Exploring the long-term biocompatibility of implantable nanogenerators
Piezoelectric materials have been used as transducers or to power small-scale sensors for many years. They can harvest even the smallest deflections from the environment, transforming micro- and nanoscale mechanical energy into useable electrical voltages. But it’s their potential for use inside the human body that may prove the largest impact. The first implantable nanogenerator was successfully demonstrated in 2010. Though not much more than a proof-of-concept, it ignited a worldwide race to produce a working, practical power source for the next generation of implantable medical devices.
Studies focused on harvesting heartbeats have been promising, suggesting that piezoelectric nanogenerators affixed to bovine or porcine hearts could produce sufficient voltages to power pacemakers. Other research has shown that nanogenerators could act as ‘active sensors’ that continuously monitor physiological processes, like blood pressure and respiration. Such devices have also been shown to have extensively long lifespans. But there are still many open questions around the long-term bio-compatibility and bio-safety of implantable nanogenerators.
In a paper published in Nano Energy [DOI: 10.1016/j.nanoen.2018.07.008], a team from the University of Wisconsin-Madison have explored the behaviour of polyvinylidenefluoride (PVDF) nanogenerators, both in vitro and in vivo, over a period of six months. The PVDF films were packaged in one of two biocompatible polymers – polydimethylsiloxane (PDMS) or Parylene-C – before being implanted between the skin and muscle layer in the hip joints of young female mice.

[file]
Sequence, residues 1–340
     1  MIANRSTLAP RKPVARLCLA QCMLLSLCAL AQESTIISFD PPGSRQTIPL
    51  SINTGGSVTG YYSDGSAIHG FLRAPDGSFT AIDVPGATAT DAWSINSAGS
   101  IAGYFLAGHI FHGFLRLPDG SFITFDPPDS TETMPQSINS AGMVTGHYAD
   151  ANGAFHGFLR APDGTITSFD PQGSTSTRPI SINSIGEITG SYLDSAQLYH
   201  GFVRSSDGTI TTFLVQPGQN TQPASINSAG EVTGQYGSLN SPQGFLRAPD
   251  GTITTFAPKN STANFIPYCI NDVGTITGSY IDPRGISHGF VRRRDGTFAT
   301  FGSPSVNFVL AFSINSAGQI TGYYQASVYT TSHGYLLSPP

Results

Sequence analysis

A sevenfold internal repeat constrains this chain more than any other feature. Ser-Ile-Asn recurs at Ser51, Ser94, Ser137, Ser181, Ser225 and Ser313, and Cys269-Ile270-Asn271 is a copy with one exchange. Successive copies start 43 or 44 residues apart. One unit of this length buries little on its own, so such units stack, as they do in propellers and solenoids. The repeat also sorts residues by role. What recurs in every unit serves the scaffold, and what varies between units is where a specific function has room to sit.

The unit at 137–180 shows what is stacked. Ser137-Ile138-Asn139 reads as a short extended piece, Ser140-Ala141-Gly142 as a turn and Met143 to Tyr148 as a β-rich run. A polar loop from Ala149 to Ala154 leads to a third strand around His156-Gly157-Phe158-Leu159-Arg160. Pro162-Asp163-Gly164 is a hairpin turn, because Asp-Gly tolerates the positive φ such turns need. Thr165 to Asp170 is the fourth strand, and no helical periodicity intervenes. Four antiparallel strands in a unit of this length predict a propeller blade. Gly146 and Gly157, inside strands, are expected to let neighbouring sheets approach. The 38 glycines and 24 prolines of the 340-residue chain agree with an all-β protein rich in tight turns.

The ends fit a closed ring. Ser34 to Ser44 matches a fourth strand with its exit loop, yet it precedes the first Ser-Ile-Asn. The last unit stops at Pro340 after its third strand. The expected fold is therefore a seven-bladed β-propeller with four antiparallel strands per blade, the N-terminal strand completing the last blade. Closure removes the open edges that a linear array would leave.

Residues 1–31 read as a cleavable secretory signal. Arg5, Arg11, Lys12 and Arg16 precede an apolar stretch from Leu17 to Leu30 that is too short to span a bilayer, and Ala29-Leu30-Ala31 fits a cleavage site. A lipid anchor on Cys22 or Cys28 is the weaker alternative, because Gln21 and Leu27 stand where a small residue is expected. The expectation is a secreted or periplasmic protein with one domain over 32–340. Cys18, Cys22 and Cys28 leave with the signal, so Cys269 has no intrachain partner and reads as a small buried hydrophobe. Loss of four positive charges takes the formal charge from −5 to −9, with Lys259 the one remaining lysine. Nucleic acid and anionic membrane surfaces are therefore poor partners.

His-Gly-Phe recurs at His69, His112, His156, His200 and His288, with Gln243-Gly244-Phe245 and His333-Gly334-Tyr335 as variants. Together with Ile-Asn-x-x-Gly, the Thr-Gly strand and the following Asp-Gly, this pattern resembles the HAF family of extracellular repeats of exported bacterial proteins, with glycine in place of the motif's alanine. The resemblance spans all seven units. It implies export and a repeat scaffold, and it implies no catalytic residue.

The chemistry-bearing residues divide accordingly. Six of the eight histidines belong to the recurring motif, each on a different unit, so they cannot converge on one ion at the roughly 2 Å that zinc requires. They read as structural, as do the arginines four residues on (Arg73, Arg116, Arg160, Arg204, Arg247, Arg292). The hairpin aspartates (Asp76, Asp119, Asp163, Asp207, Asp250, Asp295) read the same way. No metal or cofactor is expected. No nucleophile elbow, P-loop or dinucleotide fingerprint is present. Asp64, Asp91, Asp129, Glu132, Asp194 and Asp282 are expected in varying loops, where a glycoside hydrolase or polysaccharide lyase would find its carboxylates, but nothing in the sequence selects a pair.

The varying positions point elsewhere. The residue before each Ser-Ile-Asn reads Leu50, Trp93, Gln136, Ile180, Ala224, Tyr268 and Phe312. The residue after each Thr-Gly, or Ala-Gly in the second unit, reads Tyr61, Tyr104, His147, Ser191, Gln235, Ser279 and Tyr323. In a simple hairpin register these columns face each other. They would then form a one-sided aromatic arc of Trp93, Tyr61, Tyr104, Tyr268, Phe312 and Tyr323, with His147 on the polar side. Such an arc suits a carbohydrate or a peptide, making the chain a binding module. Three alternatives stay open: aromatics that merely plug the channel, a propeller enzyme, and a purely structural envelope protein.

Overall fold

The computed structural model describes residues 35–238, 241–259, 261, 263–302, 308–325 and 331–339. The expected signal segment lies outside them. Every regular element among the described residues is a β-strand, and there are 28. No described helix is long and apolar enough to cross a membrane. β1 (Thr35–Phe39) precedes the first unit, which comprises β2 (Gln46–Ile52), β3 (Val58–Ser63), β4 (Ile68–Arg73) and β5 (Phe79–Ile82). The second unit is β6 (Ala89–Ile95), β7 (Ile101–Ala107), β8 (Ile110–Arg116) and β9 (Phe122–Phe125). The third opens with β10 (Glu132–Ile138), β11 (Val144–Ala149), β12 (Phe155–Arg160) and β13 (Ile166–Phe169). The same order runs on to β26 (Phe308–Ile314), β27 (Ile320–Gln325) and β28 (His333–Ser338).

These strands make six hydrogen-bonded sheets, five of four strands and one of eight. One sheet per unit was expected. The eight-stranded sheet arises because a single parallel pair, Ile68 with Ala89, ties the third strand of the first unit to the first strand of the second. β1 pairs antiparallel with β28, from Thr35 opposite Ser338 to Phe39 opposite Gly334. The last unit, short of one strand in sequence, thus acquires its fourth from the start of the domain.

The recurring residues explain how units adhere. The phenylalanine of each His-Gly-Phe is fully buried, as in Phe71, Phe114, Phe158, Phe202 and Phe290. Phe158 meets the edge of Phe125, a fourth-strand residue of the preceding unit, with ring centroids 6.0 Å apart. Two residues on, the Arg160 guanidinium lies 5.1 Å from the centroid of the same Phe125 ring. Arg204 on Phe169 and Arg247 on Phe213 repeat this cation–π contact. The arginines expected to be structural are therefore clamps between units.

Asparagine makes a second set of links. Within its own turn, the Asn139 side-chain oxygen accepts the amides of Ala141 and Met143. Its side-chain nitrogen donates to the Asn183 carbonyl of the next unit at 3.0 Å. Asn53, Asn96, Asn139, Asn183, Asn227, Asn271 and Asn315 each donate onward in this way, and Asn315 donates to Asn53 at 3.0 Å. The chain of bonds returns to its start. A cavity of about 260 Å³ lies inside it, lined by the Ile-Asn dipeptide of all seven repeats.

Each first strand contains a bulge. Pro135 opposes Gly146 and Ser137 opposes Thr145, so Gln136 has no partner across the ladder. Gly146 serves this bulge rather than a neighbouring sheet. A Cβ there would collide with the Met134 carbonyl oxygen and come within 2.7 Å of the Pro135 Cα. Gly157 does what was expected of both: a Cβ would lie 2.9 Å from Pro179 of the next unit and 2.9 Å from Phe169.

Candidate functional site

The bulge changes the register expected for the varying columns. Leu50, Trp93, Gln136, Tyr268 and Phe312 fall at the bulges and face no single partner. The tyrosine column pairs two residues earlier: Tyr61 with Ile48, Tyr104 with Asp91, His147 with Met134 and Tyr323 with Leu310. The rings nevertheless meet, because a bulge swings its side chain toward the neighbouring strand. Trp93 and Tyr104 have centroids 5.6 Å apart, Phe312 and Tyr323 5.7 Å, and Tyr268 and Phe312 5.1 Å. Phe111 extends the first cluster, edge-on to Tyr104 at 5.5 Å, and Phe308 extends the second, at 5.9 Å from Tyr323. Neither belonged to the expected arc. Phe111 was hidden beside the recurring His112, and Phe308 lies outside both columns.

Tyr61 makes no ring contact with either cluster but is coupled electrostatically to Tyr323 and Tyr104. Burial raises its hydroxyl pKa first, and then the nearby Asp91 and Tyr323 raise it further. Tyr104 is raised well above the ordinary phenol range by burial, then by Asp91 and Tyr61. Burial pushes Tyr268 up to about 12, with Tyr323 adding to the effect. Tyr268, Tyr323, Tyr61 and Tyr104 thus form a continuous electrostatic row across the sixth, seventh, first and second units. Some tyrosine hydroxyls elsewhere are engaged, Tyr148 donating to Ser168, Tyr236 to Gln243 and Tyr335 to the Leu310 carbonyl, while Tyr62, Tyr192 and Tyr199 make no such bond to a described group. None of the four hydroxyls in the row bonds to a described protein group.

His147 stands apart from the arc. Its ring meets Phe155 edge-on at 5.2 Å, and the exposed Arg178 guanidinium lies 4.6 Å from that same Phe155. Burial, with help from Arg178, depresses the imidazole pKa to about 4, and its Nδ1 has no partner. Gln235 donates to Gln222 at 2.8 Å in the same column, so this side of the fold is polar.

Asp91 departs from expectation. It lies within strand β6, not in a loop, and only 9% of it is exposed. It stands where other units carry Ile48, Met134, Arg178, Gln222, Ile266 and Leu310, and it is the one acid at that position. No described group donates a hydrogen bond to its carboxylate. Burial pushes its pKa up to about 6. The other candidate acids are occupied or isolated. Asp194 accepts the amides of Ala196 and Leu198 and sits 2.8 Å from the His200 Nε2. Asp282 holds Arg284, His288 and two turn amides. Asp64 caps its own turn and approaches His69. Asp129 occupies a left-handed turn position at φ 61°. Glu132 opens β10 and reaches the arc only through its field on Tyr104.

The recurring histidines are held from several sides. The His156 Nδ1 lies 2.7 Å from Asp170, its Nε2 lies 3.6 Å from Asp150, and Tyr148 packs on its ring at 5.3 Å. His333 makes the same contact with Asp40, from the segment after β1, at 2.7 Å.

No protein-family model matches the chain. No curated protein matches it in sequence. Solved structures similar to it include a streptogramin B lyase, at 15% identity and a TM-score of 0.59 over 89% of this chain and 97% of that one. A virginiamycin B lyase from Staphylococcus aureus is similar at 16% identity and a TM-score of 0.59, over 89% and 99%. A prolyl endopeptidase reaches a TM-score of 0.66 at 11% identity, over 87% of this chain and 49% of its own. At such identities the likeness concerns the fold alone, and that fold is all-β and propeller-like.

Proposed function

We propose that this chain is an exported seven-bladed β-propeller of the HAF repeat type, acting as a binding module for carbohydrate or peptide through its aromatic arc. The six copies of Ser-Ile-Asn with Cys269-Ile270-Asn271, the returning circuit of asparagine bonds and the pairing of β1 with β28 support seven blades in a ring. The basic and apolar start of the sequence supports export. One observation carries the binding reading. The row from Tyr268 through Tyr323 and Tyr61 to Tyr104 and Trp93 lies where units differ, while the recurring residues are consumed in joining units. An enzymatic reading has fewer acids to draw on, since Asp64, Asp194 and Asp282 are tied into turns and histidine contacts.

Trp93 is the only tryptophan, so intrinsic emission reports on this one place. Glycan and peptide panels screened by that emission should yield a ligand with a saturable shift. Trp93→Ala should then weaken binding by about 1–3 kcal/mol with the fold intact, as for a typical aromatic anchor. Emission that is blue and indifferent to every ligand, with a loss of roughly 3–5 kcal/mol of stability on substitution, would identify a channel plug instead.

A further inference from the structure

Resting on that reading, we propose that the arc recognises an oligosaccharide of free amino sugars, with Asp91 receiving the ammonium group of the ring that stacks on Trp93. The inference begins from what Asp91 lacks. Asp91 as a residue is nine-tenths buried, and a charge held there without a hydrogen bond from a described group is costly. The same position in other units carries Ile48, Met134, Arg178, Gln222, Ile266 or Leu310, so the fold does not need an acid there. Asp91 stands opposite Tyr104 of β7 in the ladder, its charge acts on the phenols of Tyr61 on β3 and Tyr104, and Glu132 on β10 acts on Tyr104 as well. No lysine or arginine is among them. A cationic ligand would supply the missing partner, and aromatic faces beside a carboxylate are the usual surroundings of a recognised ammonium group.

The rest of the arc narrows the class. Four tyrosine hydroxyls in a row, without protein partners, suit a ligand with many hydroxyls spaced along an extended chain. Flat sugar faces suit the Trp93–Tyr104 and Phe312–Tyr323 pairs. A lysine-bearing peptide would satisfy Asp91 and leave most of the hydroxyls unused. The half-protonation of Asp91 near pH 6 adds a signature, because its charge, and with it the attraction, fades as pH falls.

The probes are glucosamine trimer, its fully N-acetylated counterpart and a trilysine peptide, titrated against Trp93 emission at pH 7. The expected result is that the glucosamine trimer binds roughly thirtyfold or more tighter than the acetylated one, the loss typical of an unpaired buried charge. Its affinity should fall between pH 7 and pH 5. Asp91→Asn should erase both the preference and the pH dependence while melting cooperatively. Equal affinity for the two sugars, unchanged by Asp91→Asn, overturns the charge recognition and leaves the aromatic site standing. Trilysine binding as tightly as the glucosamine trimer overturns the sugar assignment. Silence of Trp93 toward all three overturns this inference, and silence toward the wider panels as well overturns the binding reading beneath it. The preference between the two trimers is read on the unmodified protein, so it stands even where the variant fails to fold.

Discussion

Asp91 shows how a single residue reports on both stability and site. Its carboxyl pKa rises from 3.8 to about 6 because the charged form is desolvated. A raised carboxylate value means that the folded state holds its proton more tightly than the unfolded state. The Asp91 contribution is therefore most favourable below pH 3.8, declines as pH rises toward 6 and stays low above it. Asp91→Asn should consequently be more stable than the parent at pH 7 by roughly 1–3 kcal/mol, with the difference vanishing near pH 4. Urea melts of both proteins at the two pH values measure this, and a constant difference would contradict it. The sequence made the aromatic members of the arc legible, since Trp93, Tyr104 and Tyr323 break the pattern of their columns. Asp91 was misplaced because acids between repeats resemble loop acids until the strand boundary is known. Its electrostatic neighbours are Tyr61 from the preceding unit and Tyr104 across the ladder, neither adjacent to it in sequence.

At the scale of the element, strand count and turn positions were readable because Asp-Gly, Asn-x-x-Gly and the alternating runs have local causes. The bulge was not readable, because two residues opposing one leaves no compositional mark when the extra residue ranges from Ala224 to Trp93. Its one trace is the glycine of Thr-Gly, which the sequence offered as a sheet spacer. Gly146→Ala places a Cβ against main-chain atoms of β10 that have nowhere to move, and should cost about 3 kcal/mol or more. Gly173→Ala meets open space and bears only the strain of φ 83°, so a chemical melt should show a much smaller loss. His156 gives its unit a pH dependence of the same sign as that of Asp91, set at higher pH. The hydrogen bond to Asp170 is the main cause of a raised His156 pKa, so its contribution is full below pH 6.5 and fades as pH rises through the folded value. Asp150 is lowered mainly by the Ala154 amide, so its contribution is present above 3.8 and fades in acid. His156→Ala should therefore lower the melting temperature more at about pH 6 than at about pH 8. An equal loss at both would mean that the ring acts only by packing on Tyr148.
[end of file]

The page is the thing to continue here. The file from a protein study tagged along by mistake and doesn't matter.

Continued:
The devices were studied in vivo using computed tomography (CT), ultrasound, and photoacoustic imaging. Throughout the entire implantation period (24 weeks), the nanogenerators exhibited excellent structural and functional stability. However, the team found that as the mice moved their hip, the PDMS-encapsulated nanogenerator more exactly followed the shape of the muscle than the Parylene-C device. Given that deflection of the nanogenerator is the key to optimising its electrical output, they concluded that PDMS is a superior packaging material for these devices. In vitro tests showed that both generators produced a stable voltage, even after 7200 cycles.
As well as understanding the stability of device in the biofluid environment, the authors also set out to understand what impact the nanogenerator had on the surrounding tissue. The stray current from the device was shown to be just 0.0001% of the functional current, which suggests that PDMS acts as an effective electrical insulator. Histological, blood and serum studies also revealed no signs of toxicity or incompatibility over the six month study, suggesting that such devices may offer a route to practical biomechanical energy harvesting.